Scope Note: A behavior disorder originating in childhood in which the essential features are signs of developmentally inappropriate inattention, impulsivity, and hyperactivity. Although most individuals have symptoms of both inattention and hyperactivity-impulsivity, one or the other pattern may be predominant. The disorder is more frequent in males than females. Onset is in childhood. Symptoms often attenuate during late adolescence although a minority experience the full complement of symptoms into mid-adulthood. (From DSM-V)

MeSH Synonyms:
  • Attention Deficit Disorder with Hyperactivity
  • Attention Deficit Disorders with Hyperactivity
  • Attention Deficit Hyperactivity Disorders
  • Attention Deficit-Hyperactivity Disorder
  • Attention Deficit-Hyperactivity Disorders
  • Deficit-Hyperactivity Disorder, Attention
  • Deficit-Hyperactivity Disorders, Attention
  • Disorder, Attention Deficit-Hyperactivity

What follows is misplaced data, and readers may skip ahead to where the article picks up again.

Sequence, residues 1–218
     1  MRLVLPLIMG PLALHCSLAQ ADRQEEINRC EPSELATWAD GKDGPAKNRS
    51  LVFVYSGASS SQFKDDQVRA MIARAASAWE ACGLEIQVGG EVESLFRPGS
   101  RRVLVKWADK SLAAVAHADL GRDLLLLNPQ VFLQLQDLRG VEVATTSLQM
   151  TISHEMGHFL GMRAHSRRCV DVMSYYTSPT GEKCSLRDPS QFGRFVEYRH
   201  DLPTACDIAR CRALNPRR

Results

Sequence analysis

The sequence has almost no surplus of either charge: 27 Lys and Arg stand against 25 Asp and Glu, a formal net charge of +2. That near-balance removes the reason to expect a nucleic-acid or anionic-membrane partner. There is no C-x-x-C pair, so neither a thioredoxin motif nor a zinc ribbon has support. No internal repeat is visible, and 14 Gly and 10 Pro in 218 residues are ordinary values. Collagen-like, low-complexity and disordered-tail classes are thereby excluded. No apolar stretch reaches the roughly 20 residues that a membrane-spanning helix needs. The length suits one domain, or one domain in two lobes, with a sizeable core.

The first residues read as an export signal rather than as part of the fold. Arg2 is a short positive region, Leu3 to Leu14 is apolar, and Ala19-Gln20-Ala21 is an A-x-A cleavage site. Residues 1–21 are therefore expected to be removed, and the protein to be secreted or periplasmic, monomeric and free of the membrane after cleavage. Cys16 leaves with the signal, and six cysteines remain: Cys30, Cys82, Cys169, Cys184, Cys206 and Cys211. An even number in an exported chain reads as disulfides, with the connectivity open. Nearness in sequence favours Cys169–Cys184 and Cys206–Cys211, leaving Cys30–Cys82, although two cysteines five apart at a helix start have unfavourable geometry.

• Disorders, Attention Deficit-Hyperactivity
  • Hyperkinetic Syndrome
  • Syndromes, Hyperkinetic
  • ADDH
  • Attention Deficit Hyperactivity Disorder
  • Attention Deficit Disorder
  • Attention Deficit Disorders
  • Deficit Disorder, Attention
  • Deficit Disorders, Attention
  • Disorder, Attention Deficit
  • Disorders, Attention Deficit
  • Brain Dysfunction, Minimal
  • Dysfunction, Minimal Brain
  • Minimal Brain Dysfunction
Applicable MeSH Subheadings:
  • analysis
  • anatomy and histology
  • blood
  • cerebrospinal fluid
  • chemically induced
  • classification
  • complications
  • diagnosis
  • diagnostic imaging
  • diet therapy
  • drug therapy
  • economics
  • embryology
  • enzymology
  • epidemiology
  • ethnology
  • etiology
  • genetics
  • history
  • immunology
  • metabolism
  • microbiology
  • mortality
  • nursing
  • organization and administration
  • parasitology
  • pathology
  • physiology
  • physiopathology
  • prevention and control
  • psychology
  • rehabilitation
  • statistics and numerical data
  • surgery
  • therapy
  • urine
  • virology